New goals, new structures, etc.

Ongoing clinical trials are evaluating the impact of CD19 CAR-T cell therapy on pediatric patients with relapsed/refractory B-cell NHL [100, 101]. However, there is a greater unmet clinical need to find treatment options for non-B-cell hematological malignancies. Relapsed/refractory T-cell ALL and lymphoblastic lymphoma represent one such challenge. Finding suitable target antigens Is controversial [102]. Finding new targets is a challenge, especially if the lack of tumor-specific antigens leads to possible shutdown of tumors, targeted toxicity, if a single antigen is targeted or CAR-T cell failure, if the targeted antigen is widely expressed. Even when the best target is set, the immunosuppressive tumor microenvironment will disable efficient CAR-T cells. In these cases, CAR-T cell therapy may need to be provided with multiple immunomodulatory therapies, or Be “armed” to resist adverse immune regulation.

Finding the best CAR-T cell construct for acute myeloid leukemia (AML) faces similar obstacles. AML is a disease with diverse phenotypes, and it represents a greater challenge because AML blasts share a common antigen with normal bone marrow cells and hematopoietic stem cells (HSC). Strategies to reduce the effect of extra-tumor targeting include multi-targeting CAR, using complex gating strategies to selectively identify AML primitive cells or editing HSC to prevent the expression of CAR targeted antigens [103, 104]. Finding the best CAR-T therapy for the treatment of AML and improving the outcome of this disease in children and adults with this disease is one of our main goals. Together with our mentors and professors including Dr. Martin Pule and Professor Persis Amrolia Colleagues and other British researchers work together. For example, Professor Waseem Qasim is about to start a clinical study (CARAML study) on a series of ready-made generic CAR-T cells for a series of AML antigens.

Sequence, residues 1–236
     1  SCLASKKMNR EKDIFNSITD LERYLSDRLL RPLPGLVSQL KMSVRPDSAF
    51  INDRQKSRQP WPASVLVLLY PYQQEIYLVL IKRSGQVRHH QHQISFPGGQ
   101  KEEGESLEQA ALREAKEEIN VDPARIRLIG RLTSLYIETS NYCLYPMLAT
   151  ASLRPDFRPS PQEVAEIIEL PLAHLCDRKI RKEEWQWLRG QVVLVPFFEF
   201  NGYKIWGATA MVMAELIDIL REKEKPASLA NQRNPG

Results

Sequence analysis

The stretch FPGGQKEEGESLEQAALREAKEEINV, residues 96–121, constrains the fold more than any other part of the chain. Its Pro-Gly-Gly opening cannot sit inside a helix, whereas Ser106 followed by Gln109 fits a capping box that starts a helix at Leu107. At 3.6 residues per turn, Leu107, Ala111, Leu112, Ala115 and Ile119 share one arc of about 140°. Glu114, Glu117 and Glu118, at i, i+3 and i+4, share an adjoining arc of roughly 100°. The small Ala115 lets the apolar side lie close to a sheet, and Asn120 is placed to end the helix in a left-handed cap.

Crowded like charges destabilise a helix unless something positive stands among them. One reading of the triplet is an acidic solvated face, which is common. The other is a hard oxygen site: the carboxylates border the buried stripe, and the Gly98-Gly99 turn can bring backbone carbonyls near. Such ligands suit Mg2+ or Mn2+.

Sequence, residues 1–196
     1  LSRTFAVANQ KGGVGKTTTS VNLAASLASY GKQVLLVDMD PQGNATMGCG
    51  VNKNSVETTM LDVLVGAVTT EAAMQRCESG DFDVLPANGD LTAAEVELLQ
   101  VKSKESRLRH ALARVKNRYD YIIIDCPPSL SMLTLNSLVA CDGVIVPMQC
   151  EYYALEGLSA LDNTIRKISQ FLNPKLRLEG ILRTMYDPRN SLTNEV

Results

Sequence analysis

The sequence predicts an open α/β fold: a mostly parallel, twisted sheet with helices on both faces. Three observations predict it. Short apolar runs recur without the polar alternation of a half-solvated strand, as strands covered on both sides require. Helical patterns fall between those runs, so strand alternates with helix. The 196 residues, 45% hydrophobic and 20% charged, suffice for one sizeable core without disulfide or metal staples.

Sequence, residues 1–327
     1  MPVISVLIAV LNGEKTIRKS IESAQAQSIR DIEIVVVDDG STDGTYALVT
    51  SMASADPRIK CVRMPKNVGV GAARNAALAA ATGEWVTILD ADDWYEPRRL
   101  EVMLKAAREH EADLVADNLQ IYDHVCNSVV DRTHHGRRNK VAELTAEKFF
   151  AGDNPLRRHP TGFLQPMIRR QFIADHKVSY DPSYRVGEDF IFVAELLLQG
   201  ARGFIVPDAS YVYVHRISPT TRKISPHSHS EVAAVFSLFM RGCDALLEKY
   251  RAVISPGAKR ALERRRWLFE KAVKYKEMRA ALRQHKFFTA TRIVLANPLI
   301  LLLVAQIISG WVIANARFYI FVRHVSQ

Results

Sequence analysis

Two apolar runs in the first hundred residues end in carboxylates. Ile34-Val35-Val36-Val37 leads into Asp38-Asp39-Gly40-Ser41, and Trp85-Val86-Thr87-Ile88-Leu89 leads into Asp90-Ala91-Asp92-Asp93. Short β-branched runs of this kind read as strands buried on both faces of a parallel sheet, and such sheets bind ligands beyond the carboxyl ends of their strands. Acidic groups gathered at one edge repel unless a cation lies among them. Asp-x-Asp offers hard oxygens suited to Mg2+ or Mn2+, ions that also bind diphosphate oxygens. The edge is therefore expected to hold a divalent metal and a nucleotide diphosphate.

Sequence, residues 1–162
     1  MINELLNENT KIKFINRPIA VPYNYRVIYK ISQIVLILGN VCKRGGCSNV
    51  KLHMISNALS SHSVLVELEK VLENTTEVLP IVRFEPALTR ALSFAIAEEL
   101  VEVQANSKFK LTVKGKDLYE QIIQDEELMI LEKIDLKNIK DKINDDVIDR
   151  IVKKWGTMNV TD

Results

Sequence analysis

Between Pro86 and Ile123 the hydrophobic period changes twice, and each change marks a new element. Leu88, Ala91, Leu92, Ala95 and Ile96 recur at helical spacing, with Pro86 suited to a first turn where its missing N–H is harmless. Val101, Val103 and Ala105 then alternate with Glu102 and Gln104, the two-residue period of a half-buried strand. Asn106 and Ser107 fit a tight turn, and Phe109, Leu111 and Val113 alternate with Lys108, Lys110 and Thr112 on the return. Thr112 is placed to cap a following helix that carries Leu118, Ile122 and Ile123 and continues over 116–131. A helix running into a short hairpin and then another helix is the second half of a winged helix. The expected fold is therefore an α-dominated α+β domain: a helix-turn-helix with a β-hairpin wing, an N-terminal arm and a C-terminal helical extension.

Standing on the shoulders of the giants in the field of adoptive therapy and stem cell transplantation in the United Kingdom, we hope that in the next 60 years of British hematology, we will be closer to the dream of every stem cell transplant doctor: to provide high-precision adoptive cancer therapy with minimal side effects. 

 

 

 

(source:internet, reference only)